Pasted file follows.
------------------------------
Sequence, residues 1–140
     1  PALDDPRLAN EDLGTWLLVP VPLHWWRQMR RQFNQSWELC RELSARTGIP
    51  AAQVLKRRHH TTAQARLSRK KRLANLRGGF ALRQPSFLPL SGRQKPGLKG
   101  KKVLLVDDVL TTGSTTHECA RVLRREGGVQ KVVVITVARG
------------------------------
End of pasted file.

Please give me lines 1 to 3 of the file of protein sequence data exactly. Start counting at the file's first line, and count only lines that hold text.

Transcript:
Sequence, residues 1–140
     1  PALDDPRLAN EDLGTWLLVP VPLHWWRQMR RQFNQSWELC RELSARTGIP
    51  AAQVLKRRHH TTAQARLSRK KRLANLRGGF ALRQPSFLPL SGRQKPGLKG